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Sierra Club V. Morton Case Brief

In: Other Topics

Submitted By linalva08
Words 416
Pages 2
Supreme Court of the United States, 1972.
405 U.S. 727, 92 S. Ct. 1361, 31 L.Ed.2d 636.

Facts of the Case • Plaintiff sues Town of Clarkstown, N.Y. for flow control ordinance requiring all nonhazardous material to be deposited in local transfer station; thus infringing on the Commerce Clause of the U.S. Constitution.

• The Commerce Clause is a grant of power to Congress that invalidates local laws that impose commercial barriers or discriminates against an article of commerce by reason of its origin or destination out of State.

• The Defendant, Town of Clarkstown, N.Y., closed down its landfill and built a transfer station in order to comply with environmental regulations. A local private contractor was hired to build said transfer station, operate it for 5 years, after which the town would buy it for $1. The size of the facility was based on the amount of trash taken to the transfer station each year. The hauler of each waste was required to pay an $81 “tipping fee” for each ton of waste taken to the transfer station; this was done in order to repay the cost of the transfer station to the contractor. In order to ensure that the guaranteed yearly amount of trash was taken to the transfer station the town adopted the flow control ordinance, Local Law 1990, No. 9, which required all nonhazardous solid waste within the town to be deposited at the new transfer station. Local Law 9 also prohibited individual haulers from taking their trash to other transfer stations or landfill facilities because that would evade them from paying the $81 tipping fee. The Petitioner failed to bring his trash to the town’s transfer station and took it directly to out-of-state incinerators and landfills, thus bypassing the $81 tipping fee and costing the town loss of revenue. The Petitioner’s complaint is that the ordinance discriminates because it favors the current operator to process waste and squelches competition in the waste-processing service by not allowing haulers to legally take their waste out-of-state, therefore leaving no room for investment from outside.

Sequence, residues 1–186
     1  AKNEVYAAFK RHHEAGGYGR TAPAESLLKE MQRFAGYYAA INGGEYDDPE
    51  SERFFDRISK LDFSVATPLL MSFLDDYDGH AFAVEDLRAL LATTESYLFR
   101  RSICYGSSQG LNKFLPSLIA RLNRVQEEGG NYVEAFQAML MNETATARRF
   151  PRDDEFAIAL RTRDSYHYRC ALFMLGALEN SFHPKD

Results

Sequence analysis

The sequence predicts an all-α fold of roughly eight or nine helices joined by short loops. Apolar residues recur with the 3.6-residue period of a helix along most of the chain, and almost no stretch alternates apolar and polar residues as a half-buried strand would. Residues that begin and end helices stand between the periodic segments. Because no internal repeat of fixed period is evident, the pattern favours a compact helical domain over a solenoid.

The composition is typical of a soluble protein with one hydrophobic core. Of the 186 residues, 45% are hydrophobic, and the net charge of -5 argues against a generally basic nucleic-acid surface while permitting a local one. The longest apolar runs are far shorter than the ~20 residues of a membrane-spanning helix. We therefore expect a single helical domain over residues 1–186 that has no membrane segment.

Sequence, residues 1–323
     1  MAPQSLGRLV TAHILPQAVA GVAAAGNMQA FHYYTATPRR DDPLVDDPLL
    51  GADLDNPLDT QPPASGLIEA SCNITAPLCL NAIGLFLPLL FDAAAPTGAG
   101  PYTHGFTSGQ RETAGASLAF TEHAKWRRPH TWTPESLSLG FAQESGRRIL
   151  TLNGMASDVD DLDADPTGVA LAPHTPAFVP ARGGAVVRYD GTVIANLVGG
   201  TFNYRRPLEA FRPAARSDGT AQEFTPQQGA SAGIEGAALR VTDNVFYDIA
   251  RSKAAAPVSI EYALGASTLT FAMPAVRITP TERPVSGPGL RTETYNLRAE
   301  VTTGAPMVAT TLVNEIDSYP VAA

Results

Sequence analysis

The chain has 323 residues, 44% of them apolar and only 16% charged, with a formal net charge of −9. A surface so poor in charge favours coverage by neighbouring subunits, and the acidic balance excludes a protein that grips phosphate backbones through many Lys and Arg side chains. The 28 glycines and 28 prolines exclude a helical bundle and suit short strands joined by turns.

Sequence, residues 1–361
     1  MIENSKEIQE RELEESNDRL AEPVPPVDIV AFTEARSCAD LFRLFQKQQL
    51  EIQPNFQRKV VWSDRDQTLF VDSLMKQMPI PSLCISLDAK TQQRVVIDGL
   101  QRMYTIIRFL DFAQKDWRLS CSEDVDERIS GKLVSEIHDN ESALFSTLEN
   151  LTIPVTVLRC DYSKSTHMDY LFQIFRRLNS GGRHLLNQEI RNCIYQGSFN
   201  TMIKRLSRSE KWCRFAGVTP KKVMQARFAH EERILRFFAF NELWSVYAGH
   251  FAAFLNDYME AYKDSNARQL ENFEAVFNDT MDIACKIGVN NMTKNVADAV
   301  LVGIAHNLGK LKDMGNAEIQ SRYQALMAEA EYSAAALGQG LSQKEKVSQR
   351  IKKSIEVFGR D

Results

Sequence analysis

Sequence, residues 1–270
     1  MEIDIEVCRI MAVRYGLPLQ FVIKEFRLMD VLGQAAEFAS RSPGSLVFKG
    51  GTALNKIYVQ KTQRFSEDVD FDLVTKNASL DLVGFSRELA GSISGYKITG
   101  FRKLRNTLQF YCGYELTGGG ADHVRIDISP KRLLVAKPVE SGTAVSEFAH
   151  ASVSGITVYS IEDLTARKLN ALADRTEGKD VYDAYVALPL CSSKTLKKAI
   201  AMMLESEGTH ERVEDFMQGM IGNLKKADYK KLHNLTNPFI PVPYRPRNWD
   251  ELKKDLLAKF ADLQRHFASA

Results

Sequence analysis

Issues • Whether the flow control ordinance violates the Commerce Clause?

Decisions • Yes

Reasoning • Court holds that the flow control ordinance violates the Commerce Clause.

• The ordinance deprives competitors, including out-of-state first, of access to a local market.

• The ordinance requires all solid waste to be processed at the designated transfer station before leaving the town.…...

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